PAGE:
While Marc Marquez’s current focus is primarily on returning to MotoGP action after yet another enforced absence due to complications with the broken arm he suffered at Jerez in 2020, his visit to last weekend’s Austrian Grand Prix highlighted yet another issue that the six-time world champion is currently contending with: a split with long-time manager Emilio Alzamora.
Alzamora, the 1999 125GP world champion and the only racer in history to win a world title without winning a race, has been a fixture of the Spaniard’s camp since the very earliest days.
He started as Marquez’s mentor in 2005, when Marquez was only 12-years-old and has been alongside him, and latterly, his younger brother Alex since then.
However, Alzamora’s absence was first noticed from the paddock at last month’s British Grand Prix, where he failed to appear to support Alex, something he has continued to do so throughout Marc’s on and off injury woes.
Subsequently also failing to turn up at the Red Bull Ring for the elder brothers’ first trip back to the paddock since Mugello, it set alarm bells ringing despite the official line of a COVID diagnosis keeping him at home.
It didn’t take long for the news to leak out of the Marquez camp, however, that the pair were no longer represented by Alzamora’s AC Management, an agency with (unusually for the MotoGP paddock) only two athletes on their books.
Of course, those two athletes include one who is probably the highest-paid motorcycle racer of all time, and with Alzamora [pictured above with Alex in 2020] likely collecting a fixed percentage of Marc Marquez’s earnings and incomes (traditionally around the 10% mark), then negotiating the Repsol Honda rider’s unusual four-year extended deal with the brand, rumoured to be worth around €100 million, means he’s likely to remain comfortable.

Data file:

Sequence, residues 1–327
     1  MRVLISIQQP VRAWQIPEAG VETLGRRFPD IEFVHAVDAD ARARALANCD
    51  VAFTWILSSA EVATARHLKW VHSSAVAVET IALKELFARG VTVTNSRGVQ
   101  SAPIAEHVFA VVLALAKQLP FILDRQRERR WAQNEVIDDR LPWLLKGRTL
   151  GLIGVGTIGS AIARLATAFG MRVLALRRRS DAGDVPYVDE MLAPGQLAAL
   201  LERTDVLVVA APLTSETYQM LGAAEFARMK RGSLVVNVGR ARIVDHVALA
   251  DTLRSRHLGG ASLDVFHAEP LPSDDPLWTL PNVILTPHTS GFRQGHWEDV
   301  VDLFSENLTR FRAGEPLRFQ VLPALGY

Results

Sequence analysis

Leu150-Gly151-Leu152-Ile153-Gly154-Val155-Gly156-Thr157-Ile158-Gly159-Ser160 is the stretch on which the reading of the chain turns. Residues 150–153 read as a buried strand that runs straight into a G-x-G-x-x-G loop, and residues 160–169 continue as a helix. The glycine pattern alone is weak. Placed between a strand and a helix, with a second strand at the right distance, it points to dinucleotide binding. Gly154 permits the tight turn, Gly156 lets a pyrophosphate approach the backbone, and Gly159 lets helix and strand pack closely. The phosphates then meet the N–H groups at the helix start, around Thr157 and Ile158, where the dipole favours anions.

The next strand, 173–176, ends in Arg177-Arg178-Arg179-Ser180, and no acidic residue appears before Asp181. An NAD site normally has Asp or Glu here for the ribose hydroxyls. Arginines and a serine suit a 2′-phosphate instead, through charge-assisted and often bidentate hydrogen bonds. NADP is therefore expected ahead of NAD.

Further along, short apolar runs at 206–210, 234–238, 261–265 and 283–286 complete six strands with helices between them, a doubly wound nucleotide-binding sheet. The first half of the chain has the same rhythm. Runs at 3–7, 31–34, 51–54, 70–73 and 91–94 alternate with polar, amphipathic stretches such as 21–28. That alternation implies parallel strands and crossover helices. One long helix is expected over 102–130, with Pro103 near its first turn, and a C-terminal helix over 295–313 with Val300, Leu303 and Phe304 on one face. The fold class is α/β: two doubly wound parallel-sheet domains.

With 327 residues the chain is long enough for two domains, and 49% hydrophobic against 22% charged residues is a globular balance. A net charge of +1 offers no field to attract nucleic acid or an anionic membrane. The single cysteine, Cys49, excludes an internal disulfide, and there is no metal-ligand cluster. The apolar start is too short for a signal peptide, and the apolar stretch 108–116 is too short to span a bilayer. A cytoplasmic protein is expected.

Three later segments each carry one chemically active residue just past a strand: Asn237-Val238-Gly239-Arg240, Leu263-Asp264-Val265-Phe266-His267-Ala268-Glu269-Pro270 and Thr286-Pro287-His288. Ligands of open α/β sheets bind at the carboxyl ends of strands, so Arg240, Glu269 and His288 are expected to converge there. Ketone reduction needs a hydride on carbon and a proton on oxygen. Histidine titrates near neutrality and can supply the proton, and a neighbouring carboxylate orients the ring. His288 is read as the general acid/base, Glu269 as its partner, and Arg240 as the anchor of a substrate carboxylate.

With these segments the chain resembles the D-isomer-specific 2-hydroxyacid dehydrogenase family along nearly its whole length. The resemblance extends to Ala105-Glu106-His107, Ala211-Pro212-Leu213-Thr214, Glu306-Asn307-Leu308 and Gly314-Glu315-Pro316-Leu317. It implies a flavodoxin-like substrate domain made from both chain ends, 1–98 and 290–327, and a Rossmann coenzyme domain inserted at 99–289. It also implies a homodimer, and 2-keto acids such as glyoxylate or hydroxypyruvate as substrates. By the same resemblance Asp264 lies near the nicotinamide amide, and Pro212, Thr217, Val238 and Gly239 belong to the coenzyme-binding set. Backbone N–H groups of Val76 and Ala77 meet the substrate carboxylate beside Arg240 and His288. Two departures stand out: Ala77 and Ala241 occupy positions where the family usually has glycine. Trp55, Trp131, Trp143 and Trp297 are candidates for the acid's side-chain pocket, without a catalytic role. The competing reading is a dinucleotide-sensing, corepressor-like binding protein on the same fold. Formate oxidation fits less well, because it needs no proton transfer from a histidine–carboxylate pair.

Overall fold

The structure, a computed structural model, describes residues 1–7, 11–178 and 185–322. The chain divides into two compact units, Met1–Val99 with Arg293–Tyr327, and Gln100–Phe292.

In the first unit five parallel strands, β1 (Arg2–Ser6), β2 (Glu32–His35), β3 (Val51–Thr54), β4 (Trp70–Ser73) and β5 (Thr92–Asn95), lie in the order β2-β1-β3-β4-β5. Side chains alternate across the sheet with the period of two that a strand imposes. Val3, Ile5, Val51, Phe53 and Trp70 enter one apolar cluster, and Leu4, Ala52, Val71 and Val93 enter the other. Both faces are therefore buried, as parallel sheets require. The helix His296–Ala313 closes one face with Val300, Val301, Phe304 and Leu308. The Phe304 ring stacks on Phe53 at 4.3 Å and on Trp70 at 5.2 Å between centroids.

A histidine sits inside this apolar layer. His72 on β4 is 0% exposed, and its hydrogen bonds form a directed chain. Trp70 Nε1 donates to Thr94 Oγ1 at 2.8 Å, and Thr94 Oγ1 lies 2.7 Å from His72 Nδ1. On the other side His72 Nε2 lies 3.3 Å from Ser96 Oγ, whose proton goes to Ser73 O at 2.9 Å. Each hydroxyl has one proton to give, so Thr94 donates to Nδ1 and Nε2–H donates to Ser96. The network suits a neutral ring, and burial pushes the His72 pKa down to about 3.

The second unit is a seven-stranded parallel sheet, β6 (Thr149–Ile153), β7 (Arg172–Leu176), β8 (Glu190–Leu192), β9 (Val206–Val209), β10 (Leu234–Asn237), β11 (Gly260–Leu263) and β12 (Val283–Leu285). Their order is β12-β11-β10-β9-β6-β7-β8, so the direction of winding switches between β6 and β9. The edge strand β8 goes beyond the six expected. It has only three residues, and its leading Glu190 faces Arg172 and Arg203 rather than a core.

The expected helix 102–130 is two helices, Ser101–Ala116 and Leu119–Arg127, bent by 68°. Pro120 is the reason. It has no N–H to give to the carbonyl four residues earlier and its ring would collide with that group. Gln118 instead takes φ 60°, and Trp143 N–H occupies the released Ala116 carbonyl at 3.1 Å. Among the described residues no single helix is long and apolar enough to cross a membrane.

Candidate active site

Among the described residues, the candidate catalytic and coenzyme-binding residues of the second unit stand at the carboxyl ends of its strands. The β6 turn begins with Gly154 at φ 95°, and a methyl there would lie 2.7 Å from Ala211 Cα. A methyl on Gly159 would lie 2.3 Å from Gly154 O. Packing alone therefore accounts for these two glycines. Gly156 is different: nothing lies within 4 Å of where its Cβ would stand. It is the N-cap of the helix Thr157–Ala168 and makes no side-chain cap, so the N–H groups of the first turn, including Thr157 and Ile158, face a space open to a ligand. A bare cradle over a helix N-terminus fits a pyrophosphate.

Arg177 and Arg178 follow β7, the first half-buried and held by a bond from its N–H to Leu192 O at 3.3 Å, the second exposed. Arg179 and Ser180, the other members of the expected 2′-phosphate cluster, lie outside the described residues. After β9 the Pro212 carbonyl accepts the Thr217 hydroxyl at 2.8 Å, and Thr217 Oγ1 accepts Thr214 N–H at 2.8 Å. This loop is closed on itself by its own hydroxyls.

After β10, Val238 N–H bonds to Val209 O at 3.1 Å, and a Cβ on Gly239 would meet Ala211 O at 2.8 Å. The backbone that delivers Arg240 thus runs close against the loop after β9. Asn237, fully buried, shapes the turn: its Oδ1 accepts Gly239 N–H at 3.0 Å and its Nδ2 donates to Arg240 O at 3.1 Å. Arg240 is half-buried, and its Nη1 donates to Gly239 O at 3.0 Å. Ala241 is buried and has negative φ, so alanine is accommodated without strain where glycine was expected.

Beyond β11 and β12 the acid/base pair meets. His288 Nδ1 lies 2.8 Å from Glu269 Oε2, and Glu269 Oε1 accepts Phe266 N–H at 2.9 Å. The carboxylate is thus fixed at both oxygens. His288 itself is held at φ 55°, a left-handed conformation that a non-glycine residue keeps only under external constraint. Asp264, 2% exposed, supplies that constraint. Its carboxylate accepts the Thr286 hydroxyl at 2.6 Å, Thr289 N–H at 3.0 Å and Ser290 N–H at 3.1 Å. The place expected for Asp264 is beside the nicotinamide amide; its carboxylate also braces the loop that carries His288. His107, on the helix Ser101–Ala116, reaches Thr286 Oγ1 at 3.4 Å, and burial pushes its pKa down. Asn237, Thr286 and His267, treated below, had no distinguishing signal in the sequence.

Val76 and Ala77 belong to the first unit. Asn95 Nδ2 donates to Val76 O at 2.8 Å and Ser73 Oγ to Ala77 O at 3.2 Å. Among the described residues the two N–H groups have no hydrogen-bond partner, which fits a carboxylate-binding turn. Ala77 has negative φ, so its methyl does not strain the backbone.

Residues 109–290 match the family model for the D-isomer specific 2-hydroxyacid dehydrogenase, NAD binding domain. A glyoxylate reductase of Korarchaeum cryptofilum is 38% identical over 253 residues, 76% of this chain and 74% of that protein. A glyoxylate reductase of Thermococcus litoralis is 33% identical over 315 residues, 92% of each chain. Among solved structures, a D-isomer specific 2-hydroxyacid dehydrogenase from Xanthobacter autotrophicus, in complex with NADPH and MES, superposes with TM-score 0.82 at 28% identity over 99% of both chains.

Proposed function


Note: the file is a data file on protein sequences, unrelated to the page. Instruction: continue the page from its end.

While the reasons for the split aren’t known – and most likely will never be fully aired in public – the news of who Alzamora’s replacement is going to hint at the direction that the 28-year-old is hoping to move in, away from specifically motorcycle racing and towards a more global brand – something MotoGP is calling out for in the absence of the retired Valentino Rossi.
The former racer will be replaced by Spaniard Jaime Martinez, currently Red Bull Spain’s Head of Motorsports Marketing and therefore someone the Marquez brothers will have extensive knowledge of working with.
He’s a former professional wakeboarder who has been a part of the Austrian energy drink’s athlete management program since 2012, and he very much brings a different type of experience to the brothers’ brand than Alzamora did.
Undoubtedly talented as Alzamora was at negotiating contracts within the paddock, Marquez’s brand has never grown in the same way as Rossi’s did before him, and despite piecemeal deals with international brands, most investment in the brothers largely remains from companies already involved in the sport.
That’s something that you would imagine will be an immediate target for change for Martinez, capitalising on Marquez’s success as well as hopefully laying the groundwork for a new era in the former champion’s career as he returns from what has been a career-defining injury.